Iboyama Laithangbam, a stringer for the daily The Hindu, and Ymnam Arun, a stringer for the Imphal-based monthly Eastern Panorama, were kidnapped on 8 October by members of the United Kuki Liberation Front as they were travelling to Moreh in the state of Manipur. The leaders of this armed secessionist group complained that they were not getting enough attention from the news media. The two journalists were set free two days later.
Ashok Singhal of Vishwa Hindu Parishad, an extremist Hindu movement, branded The Hindu, The Times of India and The Indian Express as "traitors to the nation" at a press conference on 5 December and urged Indians to stop reading them. At the same time he praised the Hindi-language news media and said they reported the "true facts," unlike the English-language press. The movement’s treasurer berated a journalist from the daily Telegu during the news conference.
Pressure and obstruction
Half a dozen TV networks including Star News, Zee News and CNN were banned in the western state of Gujarat on 2 March 2002 on the orders of police commissioner P. C. Pandey, who instructed cable operators to suspend programming likely to fuel the troubles between Hindus and Muslims. The Gujarat chief minister, Narendra Modi, had just accused the networks of covering the inter-communal strife in bloody and provocative manner.
The state-owned TV network Doordarshan suspending its broadcasting for a day on 30 April during the debate of an opposition censure motion about the religious violence in the state of Gujarat. Interior minister Pramod Bahajan said transmitting the debate live would have just exacerbated emotions. The opposition described the decision as an attack on democracy.
The Pioneer, a daily known for supporting the ruling BJP, ran a front-page article on 17 June attacking the US magazine Time for questioning the ability of Prime Minister Atal Bihari Vajpayee to run the country because of frail health. The Pioneer called the Time magazine piece "supercilious, patronising, white-supremacist, flippant and crassly ill-mannered." The next day, BJP activists burned copies of the magazine in Bombay. The Pioneer continued throughout the week to question the motives of Alex Perry, Time’s correspondent in New Delhi, and accused him of having several passports. The immigration department announced on 24 June that there were no restrictions on Perry’s movements but, "by courtesy," he should inform them each time he left the country. On 27 June, Time voiced its "regret" to the Indian foreign minister about the way parts of the story had been formulated.
On 26 June, a dozen officers of the Central Bureau of Investigation (CBI) searched the New Delhi headquarters of the online news site Tehelka.com and the home of one of its journalists, Kumar Badal, accused of poaching (see above). However, the CBI was later unable to produce any files seized in the office raid that were to do with the poaching case. The CBI officers did however remove files relating to the news site’s creation, in particular, e-mail correspondence of Shankar Sharma, the person who provided the original funding for Tehelka.com. Sharma, who owns the company First Global, is currently imprisoned without having been tried. Furthermore, the search took place just a few hours before Tehelka.com editor in chief Tarun Tejpal was to appear before a special commission set up to look into a corruption scandal exposed by Tehelka.com in March 2001. The hearing ended up being postponed. Tehelka.com’s lawyer claimed that the CBI raid was timed to affect the commission’s enquiry, which had reached a crucial stage in the questioning of witnesses. A CBI spokesperson said it was "pure coincidence."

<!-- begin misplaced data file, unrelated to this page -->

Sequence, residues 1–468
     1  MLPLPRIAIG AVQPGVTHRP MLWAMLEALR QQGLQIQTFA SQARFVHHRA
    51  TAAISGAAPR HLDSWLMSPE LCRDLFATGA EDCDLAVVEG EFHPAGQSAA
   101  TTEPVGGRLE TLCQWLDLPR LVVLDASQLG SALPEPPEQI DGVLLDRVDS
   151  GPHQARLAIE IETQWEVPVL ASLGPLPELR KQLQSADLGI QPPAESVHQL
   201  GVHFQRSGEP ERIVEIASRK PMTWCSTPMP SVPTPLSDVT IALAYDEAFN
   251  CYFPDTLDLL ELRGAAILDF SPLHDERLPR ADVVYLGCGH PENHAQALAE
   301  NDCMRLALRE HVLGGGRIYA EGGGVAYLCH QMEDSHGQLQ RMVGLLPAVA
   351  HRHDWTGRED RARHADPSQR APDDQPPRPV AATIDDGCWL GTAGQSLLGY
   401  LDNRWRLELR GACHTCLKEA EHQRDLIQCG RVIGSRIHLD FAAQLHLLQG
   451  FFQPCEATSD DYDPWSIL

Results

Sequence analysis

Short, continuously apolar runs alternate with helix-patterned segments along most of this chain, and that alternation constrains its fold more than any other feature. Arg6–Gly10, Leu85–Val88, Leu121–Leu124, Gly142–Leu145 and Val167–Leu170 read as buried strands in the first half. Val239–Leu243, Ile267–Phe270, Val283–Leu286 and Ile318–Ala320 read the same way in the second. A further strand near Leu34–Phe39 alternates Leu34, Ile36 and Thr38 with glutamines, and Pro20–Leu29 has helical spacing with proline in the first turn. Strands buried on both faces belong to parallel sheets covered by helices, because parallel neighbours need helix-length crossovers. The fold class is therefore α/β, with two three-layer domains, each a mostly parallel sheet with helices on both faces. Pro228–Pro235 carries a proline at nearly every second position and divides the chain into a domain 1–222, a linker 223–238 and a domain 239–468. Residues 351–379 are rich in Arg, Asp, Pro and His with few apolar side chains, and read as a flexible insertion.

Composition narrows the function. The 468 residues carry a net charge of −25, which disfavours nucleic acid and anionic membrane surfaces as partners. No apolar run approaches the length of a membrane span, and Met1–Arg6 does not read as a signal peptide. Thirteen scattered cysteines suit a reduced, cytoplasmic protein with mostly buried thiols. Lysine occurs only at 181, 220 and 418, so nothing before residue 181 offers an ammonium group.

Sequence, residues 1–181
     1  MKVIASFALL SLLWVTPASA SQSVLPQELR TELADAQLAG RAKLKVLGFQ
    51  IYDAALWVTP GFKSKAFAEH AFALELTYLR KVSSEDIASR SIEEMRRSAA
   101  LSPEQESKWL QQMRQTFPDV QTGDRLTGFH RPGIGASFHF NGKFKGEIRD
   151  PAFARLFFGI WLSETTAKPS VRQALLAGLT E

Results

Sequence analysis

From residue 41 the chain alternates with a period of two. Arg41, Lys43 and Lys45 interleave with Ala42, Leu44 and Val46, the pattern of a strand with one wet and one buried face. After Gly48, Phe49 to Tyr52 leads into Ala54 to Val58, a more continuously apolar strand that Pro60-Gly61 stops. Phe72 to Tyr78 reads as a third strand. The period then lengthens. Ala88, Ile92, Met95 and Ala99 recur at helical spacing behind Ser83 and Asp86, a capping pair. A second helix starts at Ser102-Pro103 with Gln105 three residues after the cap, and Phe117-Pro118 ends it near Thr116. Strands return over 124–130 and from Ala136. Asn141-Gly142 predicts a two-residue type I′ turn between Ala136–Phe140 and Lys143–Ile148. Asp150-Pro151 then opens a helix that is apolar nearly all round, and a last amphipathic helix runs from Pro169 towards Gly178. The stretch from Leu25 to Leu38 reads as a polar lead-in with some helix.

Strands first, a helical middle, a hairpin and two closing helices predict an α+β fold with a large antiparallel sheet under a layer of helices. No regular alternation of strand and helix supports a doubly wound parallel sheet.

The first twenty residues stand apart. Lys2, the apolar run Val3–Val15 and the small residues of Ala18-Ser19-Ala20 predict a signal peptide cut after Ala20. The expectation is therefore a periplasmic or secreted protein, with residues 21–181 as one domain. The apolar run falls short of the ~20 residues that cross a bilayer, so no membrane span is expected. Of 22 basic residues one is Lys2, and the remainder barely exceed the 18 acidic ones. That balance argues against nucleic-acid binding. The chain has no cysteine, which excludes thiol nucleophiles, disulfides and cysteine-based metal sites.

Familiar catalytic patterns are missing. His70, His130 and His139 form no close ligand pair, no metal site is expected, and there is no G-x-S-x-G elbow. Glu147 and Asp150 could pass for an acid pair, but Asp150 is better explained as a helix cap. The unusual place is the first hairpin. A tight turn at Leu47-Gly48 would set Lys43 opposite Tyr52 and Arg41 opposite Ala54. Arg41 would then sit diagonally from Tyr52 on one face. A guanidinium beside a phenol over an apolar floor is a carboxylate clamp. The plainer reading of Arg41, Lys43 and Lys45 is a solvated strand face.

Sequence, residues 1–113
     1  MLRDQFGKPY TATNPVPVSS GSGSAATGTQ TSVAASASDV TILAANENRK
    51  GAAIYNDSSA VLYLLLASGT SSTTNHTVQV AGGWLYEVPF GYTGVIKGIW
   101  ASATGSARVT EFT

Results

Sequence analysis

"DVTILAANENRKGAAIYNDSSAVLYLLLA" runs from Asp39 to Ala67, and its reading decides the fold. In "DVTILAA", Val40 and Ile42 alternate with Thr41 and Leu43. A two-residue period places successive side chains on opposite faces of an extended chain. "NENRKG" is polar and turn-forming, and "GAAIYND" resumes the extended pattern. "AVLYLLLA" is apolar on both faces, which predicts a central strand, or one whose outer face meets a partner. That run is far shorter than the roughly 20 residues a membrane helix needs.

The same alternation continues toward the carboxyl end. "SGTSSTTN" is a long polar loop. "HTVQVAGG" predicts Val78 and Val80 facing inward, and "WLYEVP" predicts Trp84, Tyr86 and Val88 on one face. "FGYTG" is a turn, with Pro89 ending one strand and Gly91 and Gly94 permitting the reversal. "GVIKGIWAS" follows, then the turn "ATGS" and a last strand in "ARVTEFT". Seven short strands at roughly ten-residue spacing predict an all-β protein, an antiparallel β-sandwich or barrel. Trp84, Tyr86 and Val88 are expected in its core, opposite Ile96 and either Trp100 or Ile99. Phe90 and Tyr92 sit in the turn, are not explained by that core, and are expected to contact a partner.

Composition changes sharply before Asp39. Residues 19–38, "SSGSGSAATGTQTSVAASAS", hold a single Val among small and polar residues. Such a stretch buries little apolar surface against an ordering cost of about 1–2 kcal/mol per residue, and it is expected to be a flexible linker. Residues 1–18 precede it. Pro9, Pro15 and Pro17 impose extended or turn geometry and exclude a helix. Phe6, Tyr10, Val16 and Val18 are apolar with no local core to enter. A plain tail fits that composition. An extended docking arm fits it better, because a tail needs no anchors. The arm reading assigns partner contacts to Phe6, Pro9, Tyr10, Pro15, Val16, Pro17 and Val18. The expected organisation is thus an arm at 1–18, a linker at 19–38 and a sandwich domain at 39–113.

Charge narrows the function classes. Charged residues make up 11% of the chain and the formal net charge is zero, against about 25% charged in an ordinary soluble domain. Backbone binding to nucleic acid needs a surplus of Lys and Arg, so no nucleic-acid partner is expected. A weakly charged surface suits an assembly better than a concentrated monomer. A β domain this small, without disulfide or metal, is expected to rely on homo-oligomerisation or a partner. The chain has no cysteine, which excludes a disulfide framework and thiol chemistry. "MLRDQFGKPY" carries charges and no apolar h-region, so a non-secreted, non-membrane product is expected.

Soldiers searched the home and office of Altaf Hussein, the BBC’s stringer in Srinagar (Jammu and Kashmir) on 1 August. Hussein thought the raid came as result of an intercept of a conversation between militant separatists in which his telephone number was mentioned. The next day, a representative of the BBC’s South Asia office asked the army to investigate the circumstances of the raid.
The high court in Lucknow in the northern state of Uttar Pradesh banned the news media on 20 August from publishing statements by either of the parties to the dispute between Muslims and Hindus over ownership of the Ayodhya site where Hindu nationalists destroyed a mosque in 2000 claiming it as the birthplace of Lord Rama. News media reproducing the views of either of the two communities or their lawyers would be prosecuted for contempt of court and receive prison sentences, the judges warned.
Al-Badr, a Kashmiri separatist group based in Pakistan, claimed responsibility for a rocket attack on the state radio and television building in the centre of Srinagar (Jammu and Kashmir) on 28 November. The attack caused damage but no one was hurt.
During the trial of Maneesh Chhibber of the daily Hindustan Times for contempt of court, before the Punjab high court in mid-December, judges ordered another journalist with the same newspaper, Manish Tiwari, to reveal the source of a report he had written stating that police had searched a judge’s home. He refused to reveal his source, and thereby risked being prosecuted for contempt of court himself.